Elon Musk asked Twitter followers if he should sell Tesla shares. They said yes.
  • Beasley pointed toward Elon Musk and Jeff Bezos, the two richest people in the world, who could each individually help those in these situations with a small chunk of their overall change. Musk, CEO of Tesla and SpaceX, has a net worth of $151 billion, according to Forbes, with his wealth increasing by more than 500% from January 2020 to March this year. Meanwhile, Amazon CEO Bezos has a net worth of $177 billion. And their net worth is still growing. The week of October 11, Musk's net wealth increased by $12.7 billion due to Tesla stock gains, according to Forbes, and in just one day, on October 15, Bezos' generated $5.6 billion from Amazon stock. When news broke that Musk may have beat Bezos for the richest person title, he tweeted at Bezos a silver second place medal emoji. Meanwhile, Beasley told CNN that millions of others are in a "heartbreaking" situation as they're "knocking on famine's door."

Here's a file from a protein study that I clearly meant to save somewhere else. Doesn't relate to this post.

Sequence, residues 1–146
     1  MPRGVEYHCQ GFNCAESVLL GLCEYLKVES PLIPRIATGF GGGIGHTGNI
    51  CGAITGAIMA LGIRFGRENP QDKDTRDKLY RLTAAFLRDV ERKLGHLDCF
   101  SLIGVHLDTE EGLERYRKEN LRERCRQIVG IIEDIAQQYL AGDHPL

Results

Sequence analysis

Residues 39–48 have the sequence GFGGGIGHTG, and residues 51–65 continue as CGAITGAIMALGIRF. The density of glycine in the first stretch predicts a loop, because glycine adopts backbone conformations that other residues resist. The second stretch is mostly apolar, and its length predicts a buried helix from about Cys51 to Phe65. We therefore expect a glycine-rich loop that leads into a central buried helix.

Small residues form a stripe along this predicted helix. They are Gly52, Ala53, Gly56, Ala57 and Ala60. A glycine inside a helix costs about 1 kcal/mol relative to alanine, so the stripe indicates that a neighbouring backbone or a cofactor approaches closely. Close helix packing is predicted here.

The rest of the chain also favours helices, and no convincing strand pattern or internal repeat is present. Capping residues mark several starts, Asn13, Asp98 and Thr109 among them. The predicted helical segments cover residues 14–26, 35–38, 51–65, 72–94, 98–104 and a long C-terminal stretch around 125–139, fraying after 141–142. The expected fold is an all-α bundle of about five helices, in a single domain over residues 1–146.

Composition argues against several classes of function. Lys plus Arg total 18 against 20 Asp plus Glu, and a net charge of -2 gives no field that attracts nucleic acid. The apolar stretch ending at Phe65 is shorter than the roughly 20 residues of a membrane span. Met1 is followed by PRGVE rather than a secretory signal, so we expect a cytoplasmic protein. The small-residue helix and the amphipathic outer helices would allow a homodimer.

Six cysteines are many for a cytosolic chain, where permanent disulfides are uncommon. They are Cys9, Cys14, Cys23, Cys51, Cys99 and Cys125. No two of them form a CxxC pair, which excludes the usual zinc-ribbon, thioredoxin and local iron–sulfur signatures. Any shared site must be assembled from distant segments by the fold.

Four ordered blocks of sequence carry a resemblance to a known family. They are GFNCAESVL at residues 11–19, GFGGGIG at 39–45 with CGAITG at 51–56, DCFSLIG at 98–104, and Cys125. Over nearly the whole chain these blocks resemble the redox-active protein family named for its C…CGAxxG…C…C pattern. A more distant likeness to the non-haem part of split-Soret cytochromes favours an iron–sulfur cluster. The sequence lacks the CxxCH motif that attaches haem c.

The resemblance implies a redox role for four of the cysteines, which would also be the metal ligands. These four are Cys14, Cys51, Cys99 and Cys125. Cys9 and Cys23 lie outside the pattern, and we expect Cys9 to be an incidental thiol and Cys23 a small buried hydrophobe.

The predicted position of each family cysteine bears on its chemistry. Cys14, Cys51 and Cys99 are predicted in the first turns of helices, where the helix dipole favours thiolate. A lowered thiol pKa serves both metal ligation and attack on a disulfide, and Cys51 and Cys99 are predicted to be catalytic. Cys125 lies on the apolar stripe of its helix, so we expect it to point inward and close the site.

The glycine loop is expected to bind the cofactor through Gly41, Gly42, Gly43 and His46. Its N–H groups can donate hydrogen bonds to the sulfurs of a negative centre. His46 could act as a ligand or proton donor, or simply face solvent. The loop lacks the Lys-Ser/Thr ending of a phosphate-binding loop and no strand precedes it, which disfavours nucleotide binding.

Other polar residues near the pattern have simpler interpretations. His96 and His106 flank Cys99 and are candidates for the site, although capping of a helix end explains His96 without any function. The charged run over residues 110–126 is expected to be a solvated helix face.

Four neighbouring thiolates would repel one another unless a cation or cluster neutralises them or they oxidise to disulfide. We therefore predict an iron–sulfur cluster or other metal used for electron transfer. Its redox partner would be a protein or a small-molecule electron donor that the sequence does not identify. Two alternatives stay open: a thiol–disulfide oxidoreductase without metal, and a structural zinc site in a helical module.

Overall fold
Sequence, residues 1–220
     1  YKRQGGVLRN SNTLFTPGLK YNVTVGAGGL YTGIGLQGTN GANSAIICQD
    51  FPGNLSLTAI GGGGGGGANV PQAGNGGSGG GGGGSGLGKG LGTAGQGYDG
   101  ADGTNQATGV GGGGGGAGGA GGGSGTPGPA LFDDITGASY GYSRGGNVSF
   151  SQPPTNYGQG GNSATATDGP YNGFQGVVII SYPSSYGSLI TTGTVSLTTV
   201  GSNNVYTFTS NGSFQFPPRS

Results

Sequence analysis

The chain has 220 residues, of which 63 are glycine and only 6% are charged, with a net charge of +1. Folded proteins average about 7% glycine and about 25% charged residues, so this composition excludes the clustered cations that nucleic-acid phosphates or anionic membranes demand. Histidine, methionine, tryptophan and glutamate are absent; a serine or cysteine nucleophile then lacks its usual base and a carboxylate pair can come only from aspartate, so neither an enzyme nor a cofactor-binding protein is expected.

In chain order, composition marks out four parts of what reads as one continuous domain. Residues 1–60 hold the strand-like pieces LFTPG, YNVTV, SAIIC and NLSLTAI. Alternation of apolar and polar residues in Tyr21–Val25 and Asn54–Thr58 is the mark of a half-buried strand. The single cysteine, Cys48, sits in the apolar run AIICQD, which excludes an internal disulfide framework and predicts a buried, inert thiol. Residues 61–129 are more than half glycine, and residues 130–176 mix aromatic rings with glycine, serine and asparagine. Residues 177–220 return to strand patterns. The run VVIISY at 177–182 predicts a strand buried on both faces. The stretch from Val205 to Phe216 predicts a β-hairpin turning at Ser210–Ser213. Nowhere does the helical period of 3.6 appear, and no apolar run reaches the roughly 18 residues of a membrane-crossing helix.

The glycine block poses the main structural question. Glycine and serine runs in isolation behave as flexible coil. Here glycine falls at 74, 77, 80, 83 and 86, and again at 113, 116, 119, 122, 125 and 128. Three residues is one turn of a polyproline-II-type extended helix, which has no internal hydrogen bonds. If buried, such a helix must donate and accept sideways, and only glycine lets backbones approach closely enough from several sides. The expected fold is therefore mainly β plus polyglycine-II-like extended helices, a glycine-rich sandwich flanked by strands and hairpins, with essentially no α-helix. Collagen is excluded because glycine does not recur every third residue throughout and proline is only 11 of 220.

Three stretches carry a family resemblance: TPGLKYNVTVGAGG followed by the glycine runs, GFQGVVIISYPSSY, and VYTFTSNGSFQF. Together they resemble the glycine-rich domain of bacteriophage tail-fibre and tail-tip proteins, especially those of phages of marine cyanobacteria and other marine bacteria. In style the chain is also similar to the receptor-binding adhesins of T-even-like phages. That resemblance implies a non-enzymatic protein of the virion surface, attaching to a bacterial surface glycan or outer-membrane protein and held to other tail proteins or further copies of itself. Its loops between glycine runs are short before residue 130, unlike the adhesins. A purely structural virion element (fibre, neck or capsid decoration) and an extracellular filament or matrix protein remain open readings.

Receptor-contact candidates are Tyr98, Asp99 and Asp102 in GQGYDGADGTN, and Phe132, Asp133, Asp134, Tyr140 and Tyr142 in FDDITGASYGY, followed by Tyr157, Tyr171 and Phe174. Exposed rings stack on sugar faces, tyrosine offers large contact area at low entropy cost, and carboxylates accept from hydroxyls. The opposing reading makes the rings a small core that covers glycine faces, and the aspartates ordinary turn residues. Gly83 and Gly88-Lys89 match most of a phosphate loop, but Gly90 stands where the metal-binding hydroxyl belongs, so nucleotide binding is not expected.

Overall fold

• The governments are tapped out. This is why and this is when ... the billionaires need to step up now on a one-time basis, $6 billion to help 42 million people that are literally going to die if we don't reach them. It's not complicated... I'm not asking them to do this every day, every week, every year... We have a one-time crisis: a perfect storm of conflict, climate change and COVID. ...Just help me with them one time... The world's in trouble and you're telling me you can't give me .36% of your net worth increase to help the world in trouble, in times like this?... What if it was your daughter starving to death? What if it was your family starving to death? Wake up, smell the coffee, and help... My god, people are dying out there... We have a vaccine for this. It's called money, food.
  • Although the famine in Kalahandi was a moderate natural disaster, the starvation deaths were a completely avoidable man-made disaster.